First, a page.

Along with minerals, vitamins are vital micronutrients. They are crucial for good health including cardiovascular health. Vitamin deficiency can cause symptoms and correlates with many health problems including high blood pressure.
When it comes to high blood pressure, make sure you eat a nutrient-rich diet. Pills, mostly vitamin D and B-complex, and vitamin C (covered here) can help correct low levels. Your doctor can order blood tests to check your levels of vitamin D, B12, and folate. By doing so, you can improve your blood pressure.
Also known as the “sunshine vitamin,” vitamin D is vital for bone and tooth health. This is because it helps maintain healthy levels of calcium (Ca2+) and phosphorus in the blood. It also supports immune function, the nervous system, and has anti-inflammatory effects. It promotes healthy blood sugar levels, regulates blood pressure, and supports heart health.
While you can get small amounts of vitamin D through diet, the main source is sunlight. UVB rays cause the skin to produce it.
Low vitamin D is a common problem worldwide. Over 40% of people in the US have this deficiency. People who don’t get much sunlight, who have dark skin or are older adults, and those who have gut problems or had gastric surgery, are at a higher risk of getting vitamin D deficiency.
Vitamin D And Cardiovascular Health
Vitamin D helps with the renin-angiotensin-aldosterone system, which controls blood pressure and balances electrolytes. Low vitamin D levels can result in vascular dysfunction, arterial stiffness, high cholesterol levels, and left ventricular hypertrophy. For these reasons, scientists looked at whether low vitamin D levels increase the risk for high blood pressure and heart diseases.
We do not yet know the full story of how vitamin D levels impact health. Some studies show that vitamin D levels have an inverse link with cardiovascular events like heart attacks, heart failure and stroke, and risk of death. A review of 30 clinical trials shows that vitamin D pills greatly reduce both systolic blood pressure (SBP) and diastolic blood pressure (DBP) in normal-weight people with high blood pressure. Another study shows that vitamin D deficiency increases the risk for high blood pressure in people with certain genes that control vitamin D production. Low vitamin D levels may be involved in having and maintaining high blood pressure.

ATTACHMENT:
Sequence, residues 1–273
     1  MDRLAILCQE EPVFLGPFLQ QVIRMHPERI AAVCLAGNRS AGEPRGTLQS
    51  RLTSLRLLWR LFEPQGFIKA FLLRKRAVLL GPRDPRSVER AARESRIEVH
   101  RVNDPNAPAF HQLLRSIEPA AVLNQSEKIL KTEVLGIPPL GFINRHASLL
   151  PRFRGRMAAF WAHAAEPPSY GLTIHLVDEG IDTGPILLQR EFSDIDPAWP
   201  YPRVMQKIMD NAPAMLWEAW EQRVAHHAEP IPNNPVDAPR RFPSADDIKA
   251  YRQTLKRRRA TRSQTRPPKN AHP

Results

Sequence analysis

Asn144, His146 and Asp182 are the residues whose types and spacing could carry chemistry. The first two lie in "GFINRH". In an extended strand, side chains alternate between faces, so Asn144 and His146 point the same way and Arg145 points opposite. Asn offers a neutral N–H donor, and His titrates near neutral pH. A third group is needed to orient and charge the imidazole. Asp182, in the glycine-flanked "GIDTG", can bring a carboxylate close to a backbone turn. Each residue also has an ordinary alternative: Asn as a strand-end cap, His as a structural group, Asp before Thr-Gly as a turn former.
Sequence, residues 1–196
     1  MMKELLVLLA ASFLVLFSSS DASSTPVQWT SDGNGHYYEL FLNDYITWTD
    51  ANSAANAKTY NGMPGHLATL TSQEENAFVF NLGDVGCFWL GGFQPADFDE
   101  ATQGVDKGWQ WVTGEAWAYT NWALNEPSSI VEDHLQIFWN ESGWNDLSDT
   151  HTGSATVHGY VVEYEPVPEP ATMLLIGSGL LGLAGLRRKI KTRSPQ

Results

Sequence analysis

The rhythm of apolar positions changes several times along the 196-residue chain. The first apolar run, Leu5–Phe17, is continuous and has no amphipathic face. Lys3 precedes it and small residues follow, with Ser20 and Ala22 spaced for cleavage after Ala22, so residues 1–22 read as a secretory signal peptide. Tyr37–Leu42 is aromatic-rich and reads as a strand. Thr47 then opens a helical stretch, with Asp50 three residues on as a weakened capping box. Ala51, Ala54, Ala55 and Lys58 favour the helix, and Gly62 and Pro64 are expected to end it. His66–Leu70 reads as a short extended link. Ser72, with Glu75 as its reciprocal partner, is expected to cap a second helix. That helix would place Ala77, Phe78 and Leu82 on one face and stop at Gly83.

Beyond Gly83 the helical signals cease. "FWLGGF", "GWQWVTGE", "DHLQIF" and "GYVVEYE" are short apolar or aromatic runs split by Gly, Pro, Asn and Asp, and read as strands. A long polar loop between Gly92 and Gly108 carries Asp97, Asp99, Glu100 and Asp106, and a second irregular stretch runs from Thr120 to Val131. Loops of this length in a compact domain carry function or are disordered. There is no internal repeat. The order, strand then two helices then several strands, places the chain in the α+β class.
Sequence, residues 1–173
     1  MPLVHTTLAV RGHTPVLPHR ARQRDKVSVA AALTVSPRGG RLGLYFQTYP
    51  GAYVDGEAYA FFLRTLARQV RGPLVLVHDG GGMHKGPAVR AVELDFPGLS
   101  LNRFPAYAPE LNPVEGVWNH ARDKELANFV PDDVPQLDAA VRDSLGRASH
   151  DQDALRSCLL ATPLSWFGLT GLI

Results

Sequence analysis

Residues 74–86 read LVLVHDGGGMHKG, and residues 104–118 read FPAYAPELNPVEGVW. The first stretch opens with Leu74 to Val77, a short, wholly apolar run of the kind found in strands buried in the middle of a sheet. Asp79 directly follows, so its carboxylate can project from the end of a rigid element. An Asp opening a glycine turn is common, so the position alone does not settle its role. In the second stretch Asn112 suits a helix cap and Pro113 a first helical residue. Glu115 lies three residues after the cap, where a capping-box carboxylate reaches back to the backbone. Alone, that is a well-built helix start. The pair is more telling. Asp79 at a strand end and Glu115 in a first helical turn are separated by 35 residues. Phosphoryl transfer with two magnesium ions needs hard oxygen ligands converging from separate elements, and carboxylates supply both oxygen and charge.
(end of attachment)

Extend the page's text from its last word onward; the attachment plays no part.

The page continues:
The B vitamin group (or “B-complex”) includes eight types of B vitamins: thiamin (vitamin B1), riboflavin (vitamin B2), niacin (vitamin B3), pantothenic acid (vitamin B5), pyridoxine (vitamin B6), biotin (vitamin B7), folate (vitamin B9) and cobalamin (vitamin B12). Although each vitamin has its own function, all B vitamins share some features. All of them help the body convert food into energy, promote skin, hair, eye, and brain health. They also aid gut and liver health. B vitamins also help make red blood cells, which carry nutrients and oxygen to all body tissue and help make certain hormones.
Why? One reason is that vitamins B6, B12, and folate promote healthy homocysteine levels. This compound is released in the body through a process called “methylation.” With high levels of it, there is a greater risk for high blood pressure and heart diseases. Those who have the MTHFR gene will often have homocysteine problems. Vitamin B-2 pills also seem to be a great option for people who have high blood pressure and the MTHFR gene.
You can find single B vitamin supplements or a mix of them labeled “B-complex.” If you have the MTHFR gene, you will benefit from special formulas. These include vitamin B6 in Pyridoxal-5’-phosphate (p5p) form, B2 in the Riboflavin-5-phosphate form, and folate in the methylfolate L-5-MTHF form.
Blood Pressure Medication And Vitamin Deficiency
Vitamin deficiencies come with older age, certain health problems, and prescription drugs. That’s because drugs and micronutrients use the same transport pathways in the body for their absorption, metabolism, and elimination. This means that if you are on certain meds, vitamin pills can help correct low levels.
ACE inhibitors deplete the body of zinc. Beta-blockers cause coenzyme Q10 and melatonin deficiency. Ca2+ channel blockers may cause potassium (K+) problems. Diuretics increase the risk of many deficiencies: Ca2+, magnesium, K+, sodium, zinc, vitamin B1, vitamin B6, and vitamin C. Aspirin creates a shortage of vitamin B9, Vitamin B5, Vitamin C, Ca2+, iron, sodium, and K+. Cholesterol-lowering agents may cause CoQ10 problems. Here is a long list of drugs and the nutrient deficiency that comes with each.